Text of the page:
La prensa digital vive con la presión de contar lo inmediato. De ahí que sea fácil que la premura lleve a una escritura descuidada. Intenta encontrar en este ejemplo los errores de estilo que habría que mejorar:
En inglés se llama wordiness al defecto de estilo que en español podemos llamar palabrería o verbosidad. Esta es una buena explicación extraída del curso Principles of written English de la profesora de la universidad de Berkeley Maggie Sokolik:
“Wordiness is using more words than you need to in order to write what you mean. Everyone has a tendency to be too wordy at times. Some of the causes of this wordiness are:
– Trying to sound too formal or academic. […]
– Not knowing more precise vocabulary. For example, saying, She ran quickly to the store can be made somewhat less wordy, and more precise, by saying: She raced to the store (race=run quickly). […].
– Using too many unnecessary and vague modifiers. Typically, modifiers like really, very, quite, and similar words add no meaning to your writing. If you need to modify a word, find precise modifiers. For example, instead of There’s a really tall building near my house, write: There’s a 50-story building near my house.
– Using too many prepositional phrases or possessives. These types of phrases can add length to your sentences, often unnecessarily. So, instead of The car belonging to Mr. Wang is in the garage [10 words], write: Mr. Wang’s car is in the garage [7 words].”
Ya sabes que sobre cómo escribir bien en castellano circulan una serie de listas como estas.
En inglés se llama “misplaced modifiers” a la incorrecta colocación de expresiones. Los efectos son a veces humorísticos, como este conocido ejemplo de Groucho Marx:
The Center of Writing Studies de la universidad de Illinois propone estas recomendaciones para mejorar la escritura en estos casos:
“Misplaced modifiers are single words, phrases, or clauses that do not point clearly to the word or words they modify. As a rule, related words usually should be kept together.
Six Helpful Tips for Placing Modifiers Correctly
1. Limiting modifiers (only, even, almost, nearly, just) should be placed in front of the words they modify.
Unclear: You will only need to plant one package of seeds.
Revised: You will need to plant only one package of seeds. (“Only” modifies “one,” not “need.”)
2. Place modifying phrases and clauses so that readers can see at a glance what they modify.
Unclear: The robber was described as a tall man with a black moustache weighing 150 pounds.
Revised: The robber was described as a six-foot-tall man weighing 150 pounds with a black moustache. (“150 pounds” describes the man, not the moustache.)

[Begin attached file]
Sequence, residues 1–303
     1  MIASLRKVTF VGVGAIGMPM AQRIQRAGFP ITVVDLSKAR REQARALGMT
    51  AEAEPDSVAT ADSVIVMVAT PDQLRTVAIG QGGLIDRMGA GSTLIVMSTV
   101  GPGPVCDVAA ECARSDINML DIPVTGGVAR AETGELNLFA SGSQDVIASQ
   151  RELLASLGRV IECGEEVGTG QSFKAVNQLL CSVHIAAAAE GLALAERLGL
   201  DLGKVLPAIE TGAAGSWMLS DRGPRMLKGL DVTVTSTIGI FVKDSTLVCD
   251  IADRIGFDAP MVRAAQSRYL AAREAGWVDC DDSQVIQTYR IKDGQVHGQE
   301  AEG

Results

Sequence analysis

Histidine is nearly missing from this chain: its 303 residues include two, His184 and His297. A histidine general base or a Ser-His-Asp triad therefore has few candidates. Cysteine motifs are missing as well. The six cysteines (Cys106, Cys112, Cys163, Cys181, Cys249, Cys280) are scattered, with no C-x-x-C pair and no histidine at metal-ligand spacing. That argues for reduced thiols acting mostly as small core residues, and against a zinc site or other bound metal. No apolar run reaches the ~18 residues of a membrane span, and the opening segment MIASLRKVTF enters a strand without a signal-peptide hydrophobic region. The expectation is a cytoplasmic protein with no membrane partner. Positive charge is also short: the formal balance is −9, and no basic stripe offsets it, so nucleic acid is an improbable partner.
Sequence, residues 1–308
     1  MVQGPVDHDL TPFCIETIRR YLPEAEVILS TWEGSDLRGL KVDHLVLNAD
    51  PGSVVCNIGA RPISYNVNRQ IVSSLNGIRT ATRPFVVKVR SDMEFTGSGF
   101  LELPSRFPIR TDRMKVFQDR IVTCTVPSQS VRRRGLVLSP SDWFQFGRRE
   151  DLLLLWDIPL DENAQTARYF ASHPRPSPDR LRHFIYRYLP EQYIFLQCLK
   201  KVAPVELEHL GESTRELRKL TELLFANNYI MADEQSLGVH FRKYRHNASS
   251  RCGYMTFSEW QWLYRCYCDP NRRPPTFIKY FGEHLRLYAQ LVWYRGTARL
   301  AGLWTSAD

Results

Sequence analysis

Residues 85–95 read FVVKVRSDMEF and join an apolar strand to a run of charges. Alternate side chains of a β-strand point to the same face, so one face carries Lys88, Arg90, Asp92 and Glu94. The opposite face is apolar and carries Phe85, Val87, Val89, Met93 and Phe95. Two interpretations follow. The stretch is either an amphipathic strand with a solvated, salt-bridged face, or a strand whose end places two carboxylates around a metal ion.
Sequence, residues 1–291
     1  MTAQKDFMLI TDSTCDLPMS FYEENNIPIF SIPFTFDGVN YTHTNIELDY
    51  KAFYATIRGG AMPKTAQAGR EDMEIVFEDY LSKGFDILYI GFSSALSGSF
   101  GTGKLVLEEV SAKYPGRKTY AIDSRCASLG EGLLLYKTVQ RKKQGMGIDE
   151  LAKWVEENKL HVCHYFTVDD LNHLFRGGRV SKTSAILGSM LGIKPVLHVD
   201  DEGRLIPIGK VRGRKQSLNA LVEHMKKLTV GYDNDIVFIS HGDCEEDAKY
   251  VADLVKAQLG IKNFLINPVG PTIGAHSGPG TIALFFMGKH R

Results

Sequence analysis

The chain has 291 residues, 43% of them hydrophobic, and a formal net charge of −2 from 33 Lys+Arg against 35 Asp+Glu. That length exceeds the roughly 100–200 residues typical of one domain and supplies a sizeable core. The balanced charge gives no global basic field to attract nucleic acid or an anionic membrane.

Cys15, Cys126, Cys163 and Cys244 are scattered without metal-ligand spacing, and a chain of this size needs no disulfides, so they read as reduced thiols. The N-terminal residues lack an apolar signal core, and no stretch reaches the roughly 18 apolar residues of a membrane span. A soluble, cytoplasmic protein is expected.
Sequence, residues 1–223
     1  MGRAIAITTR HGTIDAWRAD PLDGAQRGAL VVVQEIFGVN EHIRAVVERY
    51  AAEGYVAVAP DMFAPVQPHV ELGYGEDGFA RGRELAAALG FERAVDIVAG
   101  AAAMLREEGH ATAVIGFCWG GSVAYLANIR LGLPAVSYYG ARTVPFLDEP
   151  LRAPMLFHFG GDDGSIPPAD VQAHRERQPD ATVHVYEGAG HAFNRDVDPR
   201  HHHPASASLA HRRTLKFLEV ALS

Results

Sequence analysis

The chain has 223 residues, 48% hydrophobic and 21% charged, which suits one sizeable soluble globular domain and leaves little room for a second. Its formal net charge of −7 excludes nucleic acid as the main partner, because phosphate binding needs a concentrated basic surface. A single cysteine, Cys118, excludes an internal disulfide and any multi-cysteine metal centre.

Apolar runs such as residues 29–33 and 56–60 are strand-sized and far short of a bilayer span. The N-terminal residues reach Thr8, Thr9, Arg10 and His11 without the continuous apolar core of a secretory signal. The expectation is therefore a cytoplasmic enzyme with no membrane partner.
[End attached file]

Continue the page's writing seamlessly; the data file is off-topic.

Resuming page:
3. Sentences should flow from subject to verb to object without lengthy detours along the way. When adverbs separate subject from verb, verb from object, or helping-verb from main-verb, the result can be awkward.
Unclear: John, after trying to reach the ball, decided to get a ladder.
Revised: After trying to reach the ball, John decided to get a ladder. (Subject and verb are no longer separated.)
4. Infinitives (“to” + verb, such as “to go,” “to catch,” “to shout”) usually should not be split unless necessary, especially in formal writing.
Unclear: The patient should try to, if possible, avoid going up and down stairs.
Revised: If possible, the patient should try to avoid going up and down stairs.
5. Dangling modifiers are word groups (usually introductory) that may seem confusing to some people if they fail to refer logically to any word in a sentence. Rewording a sentence may help to clarify the meaning.
Unclear: Deciding to join the navy, the recruiter happily pumped Joe’s hand. (The recruiter is not deciding to join the navy; Joe is.)
Revised: The recruiter happily pumped Joe’s hand after learning that Joe had decided to join the navy.
Unclear: Though only sixteen, UCLA accepted Martha’s application. (UCLA is not sixteen; Martha is.)
Revised: Though Martha was only sixteen, UCLA accepted her application.
6. Dangling modifiers can be repaired by restructuring the sentence, but this restructuring may vary according to the writer’s stylistic preferences.
When watching films, commercials are especially irritating.
One option would be to change the subject so that it names the actor that the modifier implies:
When watching films, I find commercials especially irritating.
Another option would be to turn the modifier into a word group that includes the actor:
When I am watching films, commercials are especially irritating.